What Do Power Rankings Tell Us?

The idea of ranking every team’s power in a context-neutral situation is something that appeals to many of us sports fans, regardless of how we feel about statistics. The idea of listing each team in a descending order, such that if #4 played teams #5 through #30, we would expect #4 to win, has a certain appeal to most people – it greatly simplifies the MLB, complicated by the two separate leagues and the three divisions in each league.

There could be other measures of power besides future play, such as the strength of a team’s play so far, which is what Beyond the Box Score’s Team Performance Index attempts to measure. Sometimes we get numbers that don’t quite match up with the win-loss records that we’ve seen on the field. Yes, the Astros are still bad, but TPI has the Athletics, a sub-.500 team, at #11, and the Angels, a team that was seven games better at the time of the rankings, at #19.

Unless it’s the first week of the season, however, the “subjective” power rankings you see at megasites like ESPN, Fox Sports, or FanHouse are unlikely to do much other than rank the teams by win-loss record and then adjust that for their records over the previous week of games. Take a look at this graph, generated from the June 21st or 22nd rankings from each of the sites listed:


Click to enlarge

The black line represents a ranking of the teams by victories as of June 21st, with victories in the last 10 games as the tiebreaker. The black boxes represent FanHouse rankings, blue represents CBS Sports, and red represents ESPN. Unsurprisingly, there is little difference from the ranking by simple wins and the ranking from the experts and these sites. What differences we do see can likely be accounted for with the biases of the writer(s), whether or not the teams are on cold or hot streaks, and their position within their division.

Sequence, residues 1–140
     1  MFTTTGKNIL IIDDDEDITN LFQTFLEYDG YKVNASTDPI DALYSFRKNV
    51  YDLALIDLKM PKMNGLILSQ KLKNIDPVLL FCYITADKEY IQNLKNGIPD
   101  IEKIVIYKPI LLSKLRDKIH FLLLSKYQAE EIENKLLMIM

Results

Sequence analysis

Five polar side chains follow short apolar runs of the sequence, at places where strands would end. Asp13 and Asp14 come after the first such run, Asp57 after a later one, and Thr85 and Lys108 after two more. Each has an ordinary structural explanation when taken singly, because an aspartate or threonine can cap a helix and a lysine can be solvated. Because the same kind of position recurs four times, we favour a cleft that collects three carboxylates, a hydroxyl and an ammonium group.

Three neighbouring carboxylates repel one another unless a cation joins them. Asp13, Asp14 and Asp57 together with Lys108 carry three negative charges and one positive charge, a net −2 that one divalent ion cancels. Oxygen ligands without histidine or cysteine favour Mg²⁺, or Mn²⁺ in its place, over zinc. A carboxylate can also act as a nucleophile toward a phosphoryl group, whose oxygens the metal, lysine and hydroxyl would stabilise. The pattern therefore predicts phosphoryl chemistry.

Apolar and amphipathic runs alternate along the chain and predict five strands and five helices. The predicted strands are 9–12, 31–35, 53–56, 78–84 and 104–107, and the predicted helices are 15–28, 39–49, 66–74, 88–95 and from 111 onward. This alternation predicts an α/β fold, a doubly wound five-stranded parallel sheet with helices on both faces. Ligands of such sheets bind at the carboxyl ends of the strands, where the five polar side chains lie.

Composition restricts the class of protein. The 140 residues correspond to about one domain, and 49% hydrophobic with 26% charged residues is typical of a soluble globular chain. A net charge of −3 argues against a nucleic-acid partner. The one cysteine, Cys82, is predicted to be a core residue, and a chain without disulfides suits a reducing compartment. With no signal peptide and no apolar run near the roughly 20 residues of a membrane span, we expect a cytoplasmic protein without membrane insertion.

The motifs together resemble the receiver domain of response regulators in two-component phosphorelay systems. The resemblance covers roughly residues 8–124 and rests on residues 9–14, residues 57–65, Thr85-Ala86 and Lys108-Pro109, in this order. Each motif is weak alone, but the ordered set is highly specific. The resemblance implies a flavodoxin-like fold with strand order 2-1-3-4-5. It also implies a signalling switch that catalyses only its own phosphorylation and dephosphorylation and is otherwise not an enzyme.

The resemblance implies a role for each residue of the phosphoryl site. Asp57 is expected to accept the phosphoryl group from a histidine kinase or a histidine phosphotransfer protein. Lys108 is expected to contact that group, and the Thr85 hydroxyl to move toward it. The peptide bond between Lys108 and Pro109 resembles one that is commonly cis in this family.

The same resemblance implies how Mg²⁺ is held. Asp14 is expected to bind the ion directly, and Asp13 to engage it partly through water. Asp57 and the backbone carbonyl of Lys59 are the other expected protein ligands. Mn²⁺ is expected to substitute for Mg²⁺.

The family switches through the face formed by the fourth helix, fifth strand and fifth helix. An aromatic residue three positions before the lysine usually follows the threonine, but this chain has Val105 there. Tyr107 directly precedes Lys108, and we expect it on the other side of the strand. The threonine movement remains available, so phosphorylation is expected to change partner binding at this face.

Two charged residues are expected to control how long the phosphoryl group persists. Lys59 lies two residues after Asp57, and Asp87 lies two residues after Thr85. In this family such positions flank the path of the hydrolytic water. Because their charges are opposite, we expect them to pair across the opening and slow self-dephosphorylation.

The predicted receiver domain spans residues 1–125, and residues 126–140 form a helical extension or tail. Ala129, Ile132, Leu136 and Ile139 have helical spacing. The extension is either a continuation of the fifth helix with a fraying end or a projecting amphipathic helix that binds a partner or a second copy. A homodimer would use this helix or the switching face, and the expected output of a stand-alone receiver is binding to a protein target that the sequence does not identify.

The idea of the power ranking should be able to set us up with some interesting discussions. At the most prominent places in which they’re seen, however, the power rankings are nothing more but a slightly modified league standings page, with a comment on what happened to the team over the previous week. The ranking really has little to do with how these teams would fare against each other over the rest of the season.

We should be able to do better. My ideal power rankings would simply rank the projected strength of each team for the rest of the season – in that sense, power is actually ranked, unlike simply using wins and volatile streaks to put teams in order. There could certainly be many different methodologies, just as there are a variety of projection systems for individual teams. As long as we can get to something deeper than simply pointing out which team has more wins than the other teams, I’ll be happy.

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Andy S
Guest
Andy S

The problem with that approach is that projections vary so much from system to system. I mean, I can pull numbers out of a hat and call that a projection. It would be a bad projection, but a projection nonetheless. So it’s hard to validate the credibility of such a methodology, especially when most projection systems are black boxes. Using past performance as a future indicator, meanwhile, at least grounds the numbers in reality.

Travis L
Member
Member
Travis L

Not all projection systems are black boxes.

You can use previous years’ predictions vs. actual results to evaluate the systems. Most sites already do this. So yes, you can pull numbers out of a hat “and call it a projection”, but it’s not a particularly robust prediction, and upon future retrospective analyses it would be shown to be worthless.

Prediction systems DO use past performance as a future indicator. They just do it in a more sophisticated manner.

Travis L
Member
Member
Travis L

PS – is there any feature available where I can get an email if someone replies to one of my comments? I find it hard to remember to return to continue the conversation.